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Sectoral regimes, productivity and international competitiveness


  • Katz, Jorge
  • Stumpo, Giovanni


This article seeks to analyse some mesoeconomic and microeconomic aspects related with productivity and international competitiveness in the context of the new Latin American economic model. These aspects go a long way towards explaining why those variables have not evolved satisfactorily in the different countries and sectors of activity, and why a strictly macroeconomic reading prevents a proper understanding of the changes which are taking place in society at the economic, technological and institutional levels, as well as impeding the identification of a public policy agenda which could help improve the implications of the process of change which is under way. Within this process, new patterns of micro-economic behaviour have been taking shape in which imported capital goods and intermediate imputs have been displacing locally produced goods and the local technological efforts associated with their production. This has been giving rise to a new production organization model which is more closely linked with external sources of growth than in the past.

Suggested Citation

  • Katz, Jorge & Stumpo, Giovanni, 2001. "Sectoral regimes, productivity and international competitiveness," Revista CEPAL, Naciones Unidas Comisión Económica para América Latina y el Caribe (CEPAL), December.
  • Handle: RePEc:ecr:col070:10841
    Note: Includes bibliography

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    References listed on IDEAS

    1. Schmitz, Hubert, 1995. "Small shoemakers and fordist giants: Tale of a supercluster," World Development, Elsevier, vol. 23(1), pages 9-28, January.
    2. Ricardo J. Caballero & Mohamad L. Hammour, 1996. "On the Timing and Efficiency of Creative Destruction," The Quarterly Journal of Economics, Oxford University Press, vol. 111(3), pages 805-852.
    3. David, Paul A., 1994. "Why are institutions the 'carriers of history'?: Path dependence and the evolution of conventions, organizations and institutions," Structural Change and Economic Dynamics, Elsevier, vol. 5(2), pages 205-220, December.
    4. Mark Armstrong & Simon Cowan & John Vickers, 1994. "Regulatory Reform: Economic Analysis and British Experience," MIT Press Books, The MIT Press, edition 1, volume 1, number 0262510790, December.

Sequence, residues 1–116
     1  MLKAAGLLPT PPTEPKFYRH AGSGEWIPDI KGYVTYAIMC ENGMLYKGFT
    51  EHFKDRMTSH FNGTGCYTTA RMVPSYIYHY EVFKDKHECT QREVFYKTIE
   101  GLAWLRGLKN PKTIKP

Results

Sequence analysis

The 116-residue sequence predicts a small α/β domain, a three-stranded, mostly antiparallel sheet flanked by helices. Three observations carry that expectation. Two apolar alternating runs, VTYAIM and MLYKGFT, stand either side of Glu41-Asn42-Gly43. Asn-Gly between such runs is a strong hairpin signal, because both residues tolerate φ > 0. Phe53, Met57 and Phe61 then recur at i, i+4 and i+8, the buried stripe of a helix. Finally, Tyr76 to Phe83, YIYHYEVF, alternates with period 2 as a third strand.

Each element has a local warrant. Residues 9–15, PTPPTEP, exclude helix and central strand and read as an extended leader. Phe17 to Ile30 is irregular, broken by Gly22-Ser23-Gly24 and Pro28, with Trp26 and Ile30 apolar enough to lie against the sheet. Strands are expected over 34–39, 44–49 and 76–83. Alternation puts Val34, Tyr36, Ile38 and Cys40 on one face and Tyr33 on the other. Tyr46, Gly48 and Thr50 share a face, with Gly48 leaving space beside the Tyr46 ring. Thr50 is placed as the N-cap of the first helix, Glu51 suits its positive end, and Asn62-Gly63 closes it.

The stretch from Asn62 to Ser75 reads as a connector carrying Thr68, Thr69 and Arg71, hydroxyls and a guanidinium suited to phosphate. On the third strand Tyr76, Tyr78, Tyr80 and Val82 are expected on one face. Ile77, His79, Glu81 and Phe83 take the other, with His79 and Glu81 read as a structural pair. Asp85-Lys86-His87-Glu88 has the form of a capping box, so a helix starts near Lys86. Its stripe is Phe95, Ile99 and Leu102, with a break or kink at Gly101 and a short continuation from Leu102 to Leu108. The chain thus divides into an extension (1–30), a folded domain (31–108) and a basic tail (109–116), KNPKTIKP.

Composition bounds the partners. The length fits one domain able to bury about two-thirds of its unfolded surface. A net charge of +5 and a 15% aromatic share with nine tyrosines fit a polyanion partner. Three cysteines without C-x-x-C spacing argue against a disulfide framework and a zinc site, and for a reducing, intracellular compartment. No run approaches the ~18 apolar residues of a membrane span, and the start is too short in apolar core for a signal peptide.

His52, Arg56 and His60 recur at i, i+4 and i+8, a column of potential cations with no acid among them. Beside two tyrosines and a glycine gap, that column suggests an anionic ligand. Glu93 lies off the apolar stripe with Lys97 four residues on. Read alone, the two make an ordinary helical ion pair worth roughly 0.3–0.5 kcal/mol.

5. Hausmann, Ricardo & Stein, Ernesto H. & Fernández-Arias, Eduardo, 2001. "Courting FDI: is competition bad?," Sede de la CEPAL en Santiago (Estudios e Investigaciones) 34827, Naciones Unidas Comisión Económica para América Latina y el Caribe (CEPAL).
    6. Francisco C. Sercovich & Choong-Yong Ahn & Claudio Frischtak & Mojmir Mrak & Herman Mügge & Wilson Peres & Samuel M. Wangwe, 1999. "Competition and the World Economy," Books, Edward Elgar Publishing, number 1874.
    7. JosÈ Antonio Ocampo, 2002. "Rethinking the development agenda," Cambridge Journal of Economics, Oxford University Press, vol. 26(3), pages 393-407, May.
    8. Richard Nelson, 1997. "How New Is New Growth Theory?," Challenge, Taylor & Francis Journals, vol. 40(5), pages 29-58, September.
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    Cited by:

    1. Mario Cimoli & Jose Antonio Ocampo & Gabriel Porcile, 2017. "Choosing sides in the trilemma: international financial cycles and structural change in developing economies," LEM Papers Series 2017/26, Laboratory of Economics and Management (LEM), Sant'Anna School of Advanced Studies, Pisa, Italy.
    2. Valeria Arza & Andres Lopez, 2010. "Innovation and Productivity in the Argentine Manufacturing Sector," Research Department Publications 4681, Inter-American Development Bank, Research Department.
    3. -, 2020. "Sectors and businesses facing COVID-19: Emergency and reactivation," Libros y Documentos Institucionales, Naciones Unidas Comisión Económica para América Latina y el Caribe (CEPAL), number 4, October.
    4. Cimoli, Mario & Pereima, João Basilio & Porcile, Gabriel, 2019. "A technology gap interpretation of growth paths in Asia and Latin America," Research Policy, Elsevier, vol. 48(1), pages 125-136.


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